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Thursday, May 1, 2014

Will immigration reform happen in 2014?

By Jade Carpio

Barack Obama ended 2013 with the lowest approval ratings at this point in the course of a president of any U.S. chief executive since World War II, save Richard Nixon. The Obama Administration faced a seemingly unending drumbeat of negative news throughout the year, including scandals involving the IRS and NSA, nagging questions about the President's handling of the attack on the U.S. consulate in Benghazi, Libya, and the disastrous public launch of major elements of the Affordable Care Act and that law's main consumer website. At the end of December, previous statements made by the President were dubbed the biggest lies of the year.

U.S. immigration reform
The U.S. is estimated to have 11 million illegal immigrants
In many ways, the Obama agenda is in tatters. As 2014 opens, the President holds hope that he may be able to salvage his administration and his place in history through a significant, lasting achievement. In this regard, the President has indicated his determination to overall federal immigration laws during the coming year.

A hard push for immigration reform


Even without the baggage Obama carries into the new year, achieving meaningful immigration reform would not be an easy course for the President. Indeed, he already faces skepticism from reform advocates. Under his watch, record numbers of deportations have taken place despite Obama's recurring lip service paid to the idea of reform. Thus, the President faces an immediate task of convincing those who would be natural allies in the fight for immigration reform that he seriously is committed to the concept.

The President has begun the process of appealing to the public at large regarding the need for fair, meaningful immigration reform. He has also made overtures with leading members of Congress regarding his desire to move forward in regard to this type of legislation. Indeed, the President and John Boehner, Speaker of the House, have both sent concrete signals that comprehensive immigration reform not seen since Ronald Reagan sat in the Oval Office is possible in 2014.

Issues with the Senate and President Obama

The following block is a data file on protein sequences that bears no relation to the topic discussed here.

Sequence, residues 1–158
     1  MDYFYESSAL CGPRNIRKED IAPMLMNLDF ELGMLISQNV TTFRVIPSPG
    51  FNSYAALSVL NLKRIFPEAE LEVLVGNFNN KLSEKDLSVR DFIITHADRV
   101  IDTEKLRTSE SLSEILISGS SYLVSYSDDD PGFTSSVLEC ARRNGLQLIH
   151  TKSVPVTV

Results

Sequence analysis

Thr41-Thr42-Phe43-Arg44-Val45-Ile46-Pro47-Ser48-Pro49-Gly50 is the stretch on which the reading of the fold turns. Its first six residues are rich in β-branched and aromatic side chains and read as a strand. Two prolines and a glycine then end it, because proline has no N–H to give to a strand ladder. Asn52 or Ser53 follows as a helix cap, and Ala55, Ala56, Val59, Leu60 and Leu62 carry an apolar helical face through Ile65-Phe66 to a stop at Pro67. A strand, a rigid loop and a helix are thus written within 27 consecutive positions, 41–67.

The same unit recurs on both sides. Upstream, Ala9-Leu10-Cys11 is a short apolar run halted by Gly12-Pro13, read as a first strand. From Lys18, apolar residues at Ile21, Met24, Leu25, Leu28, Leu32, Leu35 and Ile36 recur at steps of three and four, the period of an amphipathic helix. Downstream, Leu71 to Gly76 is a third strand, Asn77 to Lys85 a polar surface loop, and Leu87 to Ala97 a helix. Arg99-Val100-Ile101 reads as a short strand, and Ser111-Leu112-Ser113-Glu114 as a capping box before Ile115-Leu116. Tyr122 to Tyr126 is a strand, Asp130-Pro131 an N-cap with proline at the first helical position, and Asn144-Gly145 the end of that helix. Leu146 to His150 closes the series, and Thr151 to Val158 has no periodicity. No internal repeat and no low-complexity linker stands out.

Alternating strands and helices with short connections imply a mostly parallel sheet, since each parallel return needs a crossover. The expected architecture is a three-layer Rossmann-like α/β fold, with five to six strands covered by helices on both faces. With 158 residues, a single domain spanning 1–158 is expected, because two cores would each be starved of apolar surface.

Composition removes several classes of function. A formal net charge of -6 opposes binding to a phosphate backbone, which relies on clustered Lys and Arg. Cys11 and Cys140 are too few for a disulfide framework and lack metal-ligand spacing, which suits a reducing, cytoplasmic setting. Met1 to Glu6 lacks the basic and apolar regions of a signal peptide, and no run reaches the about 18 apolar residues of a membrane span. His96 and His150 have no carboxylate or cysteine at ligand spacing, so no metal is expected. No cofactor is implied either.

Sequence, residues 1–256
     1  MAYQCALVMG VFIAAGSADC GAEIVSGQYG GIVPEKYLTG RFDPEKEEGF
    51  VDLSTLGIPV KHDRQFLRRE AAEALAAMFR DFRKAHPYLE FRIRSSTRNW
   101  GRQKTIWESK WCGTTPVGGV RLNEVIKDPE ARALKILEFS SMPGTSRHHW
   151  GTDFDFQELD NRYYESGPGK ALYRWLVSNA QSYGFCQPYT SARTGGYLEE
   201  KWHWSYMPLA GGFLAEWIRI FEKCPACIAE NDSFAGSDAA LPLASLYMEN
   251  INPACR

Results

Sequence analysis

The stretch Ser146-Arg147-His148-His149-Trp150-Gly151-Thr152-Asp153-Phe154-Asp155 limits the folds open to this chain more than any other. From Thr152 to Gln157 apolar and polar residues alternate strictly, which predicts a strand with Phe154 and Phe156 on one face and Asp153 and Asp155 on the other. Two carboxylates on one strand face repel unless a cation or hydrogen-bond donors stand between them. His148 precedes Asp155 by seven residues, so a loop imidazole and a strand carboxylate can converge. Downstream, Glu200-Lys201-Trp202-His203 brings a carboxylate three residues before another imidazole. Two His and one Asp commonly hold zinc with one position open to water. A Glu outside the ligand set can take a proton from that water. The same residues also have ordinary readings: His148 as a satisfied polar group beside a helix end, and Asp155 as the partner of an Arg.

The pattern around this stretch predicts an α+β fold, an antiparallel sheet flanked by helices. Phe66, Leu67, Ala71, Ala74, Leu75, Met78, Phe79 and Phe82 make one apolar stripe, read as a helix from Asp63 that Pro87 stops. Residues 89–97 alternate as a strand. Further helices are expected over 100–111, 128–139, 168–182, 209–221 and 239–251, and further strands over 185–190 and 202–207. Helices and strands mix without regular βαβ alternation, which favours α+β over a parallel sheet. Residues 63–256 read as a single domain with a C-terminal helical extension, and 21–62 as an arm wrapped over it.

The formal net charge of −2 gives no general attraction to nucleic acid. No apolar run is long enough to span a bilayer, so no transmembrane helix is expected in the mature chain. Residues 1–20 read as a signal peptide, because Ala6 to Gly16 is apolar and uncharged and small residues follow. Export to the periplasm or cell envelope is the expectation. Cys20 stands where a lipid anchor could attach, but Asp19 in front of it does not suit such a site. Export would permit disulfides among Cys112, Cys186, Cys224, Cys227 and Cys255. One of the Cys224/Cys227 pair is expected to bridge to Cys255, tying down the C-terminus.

The Senate did pass a bipartisan, comprehensive bill in 2013 that addressed a variety of issues. These included border security, immigration enforcement protocols and offered a path to citizenship for the approximately 11 million immigrants illegally residing in the United States at this time. The legislation went nowhere in the House of Representatives.

In an effort to move the issue forward, the President stopped demanding that the House pass the Senate bill. Rather, he is indicated that he is now open to multiple pieces of legislation that individually address the different issues included in the Senate bill. This approach to an immigration overhaul is thought to be more acceptable to members of the House of Representatives previously uninterested in consider the legislation approved by the Senate. Although willing to take a step-by-step approach, the President made it clear that all of the matters addressed in the Senate bill ultimately would need to be acted upon by Congress.

Another sign that immigration reform may see the light of day in 2014 rests in Speaker Boehner's hiring of Rebecca Tallent, who previously served as the director of a bipartisan think tank's task force on immigration reform. Washington insiders see this move as an indication that immigration reform legislation is likely during the coming year. 


About the author: Jade Carpio is a blogger for Shulman Law Group, an immigration attorney located in northern New Jersey. She enjoys blogging about immigration reform and news.
Image license: Creative Commons image source